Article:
Brian Reply
is there industrial application of fullrenes. What is the method to prepare fullrene on large scale.?
Rafiq
industrial application...? mmm I think on the medical side as drug carrier, but you should go deeper on your research, I may be wrong
Damian
How we are making nano material?
LITNING Reply
what is a peer
LITNING Reply
What is meant by 'nano scale'?
LITNING Reply
What is STMs full form?
LITNING
scanning tunneling microscope
Sahil
how nano science is used for hydrophobicity
Santosh
Do u think that Graphene and Fullrene fiber can be used to make Air Plane body structure the lightest and strongest. Rafiq
Rafiq
what is differents between GO and RGO?
Mahi
what is simplest way to understand the applications of nano robots used to detect the cancer affected cell of human body.? How this robot is carried to required site of body cell.? what will be the carrier material and how can be detected that correct delivery of drug is done Rafiq
Rafiq
if virus is killing to make ARTIFICIAL DNA OF GRAPHENE FOR KILLED THE VIRUS .THIS IS OUR ASSUMPTION
Anam
analytical skills graphene is prepared to kill any type viruses .
Anam
Any one who tell me about Preparation and application of Nanomaterial for drug Delivery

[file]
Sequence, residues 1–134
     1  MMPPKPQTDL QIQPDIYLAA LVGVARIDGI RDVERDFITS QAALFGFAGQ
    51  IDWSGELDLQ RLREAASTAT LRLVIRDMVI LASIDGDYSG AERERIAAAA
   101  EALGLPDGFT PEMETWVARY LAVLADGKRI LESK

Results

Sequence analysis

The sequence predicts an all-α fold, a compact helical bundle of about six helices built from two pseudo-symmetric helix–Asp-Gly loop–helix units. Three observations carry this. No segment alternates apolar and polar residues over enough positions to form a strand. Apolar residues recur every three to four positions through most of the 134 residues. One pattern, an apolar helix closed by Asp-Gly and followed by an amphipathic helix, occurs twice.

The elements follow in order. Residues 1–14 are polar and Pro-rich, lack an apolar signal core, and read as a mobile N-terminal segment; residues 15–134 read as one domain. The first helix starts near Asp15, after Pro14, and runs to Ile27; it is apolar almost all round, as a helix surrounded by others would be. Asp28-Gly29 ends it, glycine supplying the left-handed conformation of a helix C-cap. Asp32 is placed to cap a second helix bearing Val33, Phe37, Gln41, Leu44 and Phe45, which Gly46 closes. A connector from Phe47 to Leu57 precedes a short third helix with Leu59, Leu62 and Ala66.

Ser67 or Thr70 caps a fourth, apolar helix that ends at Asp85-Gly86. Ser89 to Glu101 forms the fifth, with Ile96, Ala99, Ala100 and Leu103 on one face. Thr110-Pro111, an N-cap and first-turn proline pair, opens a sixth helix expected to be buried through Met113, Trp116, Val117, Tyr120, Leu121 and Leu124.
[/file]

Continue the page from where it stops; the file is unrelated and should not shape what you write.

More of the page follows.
Hafiz
what is Nano technology ?
Bob Reply
write examples of Nano molecule?
Bob
The nanotechnology is as new science, to scale nanometric
brayan
nanotechnology is the study, desing, synthesis, manipulation and application of materials and functional systems through control of matter at nanoscale
Damian
Is there any normative that regulates the use of silver nanoparticles?
Damian Reply
what king of growth are you checking .?
Renato
What fields keep nano created devices from performing or assimulating ? Magnetic fields ? Are do they assimilate ?
Stoney Reply
why we need to study biomolecules, molecular biology in nanotechnology?
Adin Reply
?
Kyle
yes I'm doing my masters in nanotechnology, we are being studying all these domains as well..
Adin
why?
Adin
what school?
Kyle
biomolecules are e building blocks of every organics and inorganic materials.
Joe
anyone know any internet site where one can find nanotechnology papers?
Damian Reply
research.net
kanaga
sciencedirect big data base
Ernesto
how did you get the value of 2000N.What calculations are needed to arrive at it
Smarajit Reply
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Source:  OpenStax, Statistical learning theory. OpenStax CNX. Apr 10, 2009 Download for free at http://cnx.org/content/col10532/1.3